Michael Legge gets up to Shenanigans in Fareham

Being flown to America to spend a week ranting about something you hate isn't the worst way to make a living.

Tuesday, 5th April 2016, 6:12 am
Michael Legge
Michael Legge

But that’s what stand-up comic Michael Legge had been doing a few days before he spoke with WOW247. He had been in San Francisco at the invitation of a comedy troupe.

‘I was teaching improvised comedy, which is deeply ironic because I hate improvised comedy, but an improvised comedy group in America saw that I was writing about it a lot, and weirdly they agreed with me.

‘They said: “Can you come over for a week and shout at us?” So we basically had a week of me saying what I hate about improvised comedy and seeing what we could do about that.

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‘You know what? It was a waste of everybody’s time, but it was a good waste of time.’

Michael will be in Fareham for the next Shenanigans Comedy Club at The Ashcroft Arts Centre, but unlike many other comics, he’s not getting ready for annual summer assault on the Edinburgh Fringe, where he’s been a regular for the past eight years.

‘I’m working on avoiding the Edinburgh Fringe, which is the highlight of my year – I actually love it, but I’m not doing it this year because I want to do something else.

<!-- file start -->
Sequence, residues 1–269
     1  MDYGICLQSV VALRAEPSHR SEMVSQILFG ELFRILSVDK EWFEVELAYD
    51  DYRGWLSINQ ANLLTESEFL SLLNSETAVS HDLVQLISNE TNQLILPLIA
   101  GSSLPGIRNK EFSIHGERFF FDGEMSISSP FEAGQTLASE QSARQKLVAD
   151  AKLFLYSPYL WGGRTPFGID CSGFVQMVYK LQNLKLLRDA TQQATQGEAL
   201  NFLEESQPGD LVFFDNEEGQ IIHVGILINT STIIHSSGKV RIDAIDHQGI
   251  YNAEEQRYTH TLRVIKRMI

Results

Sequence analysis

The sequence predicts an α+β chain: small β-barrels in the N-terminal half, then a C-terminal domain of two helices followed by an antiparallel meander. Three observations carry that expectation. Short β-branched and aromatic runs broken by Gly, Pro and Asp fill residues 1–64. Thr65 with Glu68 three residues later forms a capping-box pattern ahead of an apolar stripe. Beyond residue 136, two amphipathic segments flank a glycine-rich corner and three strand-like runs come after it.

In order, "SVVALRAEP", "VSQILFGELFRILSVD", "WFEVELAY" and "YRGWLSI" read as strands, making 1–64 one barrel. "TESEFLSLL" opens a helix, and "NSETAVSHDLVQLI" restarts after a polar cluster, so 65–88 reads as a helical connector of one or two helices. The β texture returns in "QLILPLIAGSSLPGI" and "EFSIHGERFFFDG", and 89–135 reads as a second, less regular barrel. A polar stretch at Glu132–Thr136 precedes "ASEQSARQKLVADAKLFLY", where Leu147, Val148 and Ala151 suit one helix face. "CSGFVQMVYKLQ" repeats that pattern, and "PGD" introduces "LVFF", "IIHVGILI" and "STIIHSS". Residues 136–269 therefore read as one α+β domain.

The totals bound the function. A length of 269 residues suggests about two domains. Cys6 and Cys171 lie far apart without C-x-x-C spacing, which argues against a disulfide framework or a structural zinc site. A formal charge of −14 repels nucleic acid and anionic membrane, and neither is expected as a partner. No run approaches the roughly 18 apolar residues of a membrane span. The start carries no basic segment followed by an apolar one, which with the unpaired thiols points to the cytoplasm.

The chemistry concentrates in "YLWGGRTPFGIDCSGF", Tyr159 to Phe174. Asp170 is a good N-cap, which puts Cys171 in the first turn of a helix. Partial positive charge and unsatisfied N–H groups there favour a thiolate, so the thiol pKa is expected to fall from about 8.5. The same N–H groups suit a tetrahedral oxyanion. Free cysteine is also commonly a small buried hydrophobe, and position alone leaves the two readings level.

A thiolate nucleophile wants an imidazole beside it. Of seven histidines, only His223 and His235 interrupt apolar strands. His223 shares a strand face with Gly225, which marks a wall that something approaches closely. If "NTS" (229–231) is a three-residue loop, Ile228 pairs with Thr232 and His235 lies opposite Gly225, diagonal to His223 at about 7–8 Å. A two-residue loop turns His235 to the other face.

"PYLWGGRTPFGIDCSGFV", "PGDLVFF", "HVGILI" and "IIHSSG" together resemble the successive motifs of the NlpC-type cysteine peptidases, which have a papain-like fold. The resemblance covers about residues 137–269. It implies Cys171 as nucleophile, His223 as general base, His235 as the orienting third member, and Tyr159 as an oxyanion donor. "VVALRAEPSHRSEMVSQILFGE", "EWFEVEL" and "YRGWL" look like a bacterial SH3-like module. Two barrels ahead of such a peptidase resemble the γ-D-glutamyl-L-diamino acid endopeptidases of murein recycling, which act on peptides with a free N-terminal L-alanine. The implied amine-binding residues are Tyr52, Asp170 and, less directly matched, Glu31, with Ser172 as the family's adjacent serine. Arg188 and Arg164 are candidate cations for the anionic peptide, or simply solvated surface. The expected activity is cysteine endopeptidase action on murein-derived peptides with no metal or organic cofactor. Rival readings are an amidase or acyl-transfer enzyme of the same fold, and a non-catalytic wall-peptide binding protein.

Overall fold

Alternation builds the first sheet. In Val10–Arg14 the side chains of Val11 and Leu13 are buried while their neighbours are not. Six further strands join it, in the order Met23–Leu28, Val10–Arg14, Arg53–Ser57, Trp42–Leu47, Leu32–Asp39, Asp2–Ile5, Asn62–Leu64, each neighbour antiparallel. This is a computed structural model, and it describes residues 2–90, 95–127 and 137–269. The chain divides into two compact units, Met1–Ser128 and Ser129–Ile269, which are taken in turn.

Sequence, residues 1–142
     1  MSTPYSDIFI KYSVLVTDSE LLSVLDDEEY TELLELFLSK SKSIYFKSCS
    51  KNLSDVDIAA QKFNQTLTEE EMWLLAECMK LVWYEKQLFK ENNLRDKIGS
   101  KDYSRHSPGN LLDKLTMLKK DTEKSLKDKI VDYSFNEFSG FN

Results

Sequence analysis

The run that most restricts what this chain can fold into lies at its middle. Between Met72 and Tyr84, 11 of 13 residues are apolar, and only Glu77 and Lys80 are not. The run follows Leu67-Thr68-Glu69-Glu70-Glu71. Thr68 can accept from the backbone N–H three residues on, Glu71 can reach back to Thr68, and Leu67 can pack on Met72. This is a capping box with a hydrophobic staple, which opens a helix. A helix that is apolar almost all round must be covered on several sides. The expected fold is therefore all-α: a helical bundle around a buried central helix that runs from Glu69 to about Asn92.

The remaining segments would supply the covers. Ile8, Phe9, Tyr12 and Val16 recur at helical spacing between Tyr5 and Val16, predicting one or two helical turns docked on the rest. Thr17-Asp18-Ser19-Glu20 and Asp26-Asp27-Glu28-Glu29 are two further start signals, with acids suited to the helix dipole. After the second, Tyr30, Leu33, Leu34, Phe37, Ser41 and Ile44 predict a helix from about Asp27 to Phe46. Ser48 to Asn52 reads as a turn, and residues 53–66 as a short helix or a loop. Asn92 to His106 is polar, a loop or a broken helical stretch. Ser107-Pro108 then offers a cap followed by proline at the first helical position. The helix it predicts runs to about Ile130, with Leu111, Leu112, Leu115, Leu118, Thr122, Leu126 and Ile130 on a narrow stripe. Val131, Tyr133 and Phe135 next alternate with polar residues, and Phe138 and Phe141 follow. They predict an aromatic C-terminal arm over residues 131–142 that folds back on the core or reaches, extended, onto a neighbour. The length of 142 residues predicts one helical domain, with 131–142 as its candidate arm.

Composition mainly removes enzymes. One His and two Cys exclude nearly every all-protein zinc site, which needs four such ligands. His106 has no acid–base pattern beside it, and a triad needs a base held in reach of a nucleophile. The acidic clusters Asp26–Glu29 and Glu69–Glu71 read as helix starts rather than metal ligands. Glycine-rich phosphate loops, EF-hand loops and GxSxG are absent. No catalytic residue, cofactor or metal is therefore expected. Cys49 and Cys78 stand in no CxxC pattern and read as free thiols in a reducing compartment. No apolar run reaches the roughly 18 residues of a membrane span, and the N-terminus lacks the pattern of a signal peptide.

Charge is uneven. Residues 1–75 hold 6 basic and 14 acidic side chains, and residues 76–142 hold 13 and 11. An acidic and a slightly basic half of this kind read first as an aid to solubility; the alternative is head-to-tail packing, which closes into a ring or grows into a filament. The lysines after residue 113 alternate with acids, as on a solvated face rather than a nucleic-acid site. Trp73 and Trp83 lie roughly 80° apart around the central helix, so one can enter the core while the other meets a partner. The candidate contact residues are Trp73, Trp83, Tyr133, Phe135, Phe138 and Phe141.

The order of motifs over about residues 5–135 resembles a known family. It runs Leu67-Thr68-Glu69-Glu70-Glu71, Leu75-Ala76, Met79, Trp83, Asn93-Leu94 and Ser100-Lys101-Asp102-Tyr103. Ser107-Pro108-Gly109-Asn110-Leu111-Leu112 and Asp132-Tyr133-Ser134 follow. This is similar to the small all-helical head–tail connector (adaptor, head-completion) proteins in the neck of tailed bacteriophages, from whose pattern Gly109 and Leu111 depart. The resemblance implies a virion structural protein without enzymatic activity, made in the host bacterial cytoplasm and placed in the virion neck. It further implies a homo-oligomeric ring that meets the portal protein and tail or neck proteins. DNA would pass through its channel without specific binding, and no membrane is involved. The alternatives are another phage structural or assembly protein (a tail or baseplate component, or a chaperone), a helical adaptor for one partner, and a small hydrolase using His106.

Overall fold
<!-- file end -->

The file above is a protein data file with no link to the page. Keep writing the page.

‘I’m writing a thing and we’ll see what happens with it.’

But doesn’t Edinburgh just suck all you comics in each year, regardless?

‘It really does, You think it’s one month of the year, but it’s really not, it’s your year gone – you write it, you rehearse it, you preview it – that’s six months.

‘Then when you go up there, that’s another month, then afterwards, you go: “Well, I’ve just written a show and it’s up and running so I should be doing this somewhere else as well...”

‘I don’t particularly feel like I’ve earned a year off, but I’m having one.’

Later this year he’s planning a tour with Fareham’s own Danielle Ward, with whom he co-hosts the popular Do The Right Thing podcast.

And he also has another regular podcast with Robin Ince, Vitriola, where the pair discuss music. ‘It’s what we talk about when we meet up anyway – music that’s new and we’ve heard recently, but also music that’s old, and we’ve just heard for the first time.

‘And we go: “Why did we listen to so much garbage when there have been these beautiful pieces of art sitting there for 40 years going, well, we were recorded 40 years ago you could have been listening to us, but you didn’t, you went off and bought Shed 7 albums”.’

And if that’s not enough, there’s his blog. What he intended as an online diary soon morphed as he got cheesed off with other comics’ self-important blogs. ‘I thought: “This isn’t what the life of a comedian is like”, it’s terrible – you wake up at noon and you hate yourself. You come home after a gig, there’s no-one there, you sit there watching bad TV until 5am, eating terrible snacks and drinking alone.

‘That’s what it’s like, so I didn’t understand all these other comedians having online diaries making their lives sound amazing – like their lives were one long meeting at the BBC.

‘So I started to write from a point of honesty – that seems like the wrong word – but that’s what I was aiming for.’

The Ashcroft Arts Centre, Fareham

Thursday, April 7